Report puts park wolves in dire peril

Algonquin Wolves

The wolves of Algonquin Park, so loved by Ontarians, may be perilously close to disappearing, according to a report outlining a plan to protect them that was commissioned by John Snobelen, Minister of Natural Resources.

Yet, in a stunning contradiction, the same report recommends that hunting and trapping of the wolves be allowed to continue on the borders of the park.

There are only about 150 wolves in the park, and according to the general rule of thumb, that’s the minimum number that a local population needs in order to maintain its genetic diversity, and to withstand natural calamities.

However, as John and Mary Theberge point out in Wolf Country (McClelland & Stewart Inc., 1998, $24.99 in paperback), the rule of thumb doesn’t apply to Algonquin wolves. The rule presumes that there are at least 50 randomly mating breeders, but that’s not possible within the park because of the way the wolf packs are structured, they say.

Maintaining Algonquin’s wolves might not pose such a problem if they were no different from the eastern Canadian wolf that inhabits a broad swath extending from Timmins to Lake Ontario, and from Quebec to Manitoba.

But as the report says: « The wolves of Algonquin Park may be genetically unique and restricted to the park. Thus, small numbers of Algonquin wolves (as few as 150) would be at significant risk of inbreeding, loss of genetic variability, or even extinction through local catastrophes.’’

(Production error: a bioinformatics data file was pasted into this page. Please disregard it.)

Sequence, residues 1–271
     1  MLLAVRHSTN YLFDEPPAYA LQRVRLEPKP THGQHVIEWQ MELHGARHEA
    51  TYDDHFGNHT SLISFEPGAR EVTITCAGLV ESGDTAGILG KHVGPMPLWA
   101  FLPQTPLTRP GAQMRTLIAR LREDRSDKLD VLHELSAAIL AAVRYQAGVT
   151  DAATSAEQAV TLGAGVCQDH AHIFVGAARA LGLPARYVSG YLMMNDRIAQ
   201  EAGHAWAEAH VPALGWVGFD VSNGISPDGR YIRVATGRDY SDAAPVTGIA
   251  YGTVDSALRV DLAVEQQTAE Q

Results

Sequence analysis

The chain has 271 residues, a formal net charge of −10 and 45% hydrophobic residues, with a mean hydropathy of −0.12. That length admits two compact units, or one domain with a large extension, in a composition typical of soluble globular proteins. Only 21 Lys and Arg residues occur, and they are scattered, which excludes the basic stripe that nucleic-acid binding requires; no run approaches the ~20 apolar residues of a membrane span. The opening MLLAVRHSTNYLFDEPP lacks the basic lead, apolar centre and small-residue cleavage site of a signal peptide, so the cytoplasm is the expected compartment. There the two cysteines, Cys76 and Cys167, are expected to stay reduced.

Given that statement, you’d think the report would urge a supremely cautious approach, recommending no hunting or trapping at all in a buffer zone surrounding the park — at least until it was proven whether Algonquin wolves are unique.

However, although the report recommends establishing a buffer zone in 40 townships around the park, it suggests that in all but four of them hunting be allowed for part of the year, particularly when wolf pelts are at their prime.

The four townships where hunting and trapping would be totally banned are near the highway crossing the park where park officials take visitors on public wolf howls.  The wolves there « are very important to the park’s internationally renowned interpretive program and ecotourism in the area,’’ the report says.

The contradiction of recommending hunting and trapping of what well may turn out to be an endangered species dovetails with the outlook of the Ministry of Natural Resources, which is dedicated to « harvesting’’ wildlife while, at the same time, claiming to be its protector. It is a deeply conflicted approach that, in concentrating on economic worth of the wolves, fails to value the diversity they represent, and ultimately ignores their importance in maintaining ecological balances within the park.

Elsewhere in Ontario, there is an open season on wolves. So the fur industry would not likely to run short of pelts, and sport hunters would not go disappointed, if a total ban on killing were placed throughout the buffer zone.

Within the park, the territories of the wolf packs range from 15 to 20 kilometres in diameter. But, say the Theberges, half the land in the park lies within 10 kilometres of a boundary. So only slightly more than half of the 30 packs in the park — those in the centre — have territories totally within the park. The territories of the remaining packs lay partly outside the park. So nearly half of the parks’ 150 wolves have territories that extend into hunting and trapping areas.

The report expresses the pious hope that hunters could be persuaded to « voluntarily refrain from harvesting wolves’’ in the buffer zone. And that trappers would cooperate « in reporting their harvests of wolves (which) will be very helpful in assessing the effects of management.’’

What nonsense. If Mr. Snobelen is sincerely interested in saving the parks’ wolves, he should simply ban all hunting and trapping in the buffer zone. What the wolves need is protection, not pious hopes. And instead of looking to trappers for help in assessing progress, he should arrange to have the wolves monitored, as the Theberges and their students have been doing for a dozen years.


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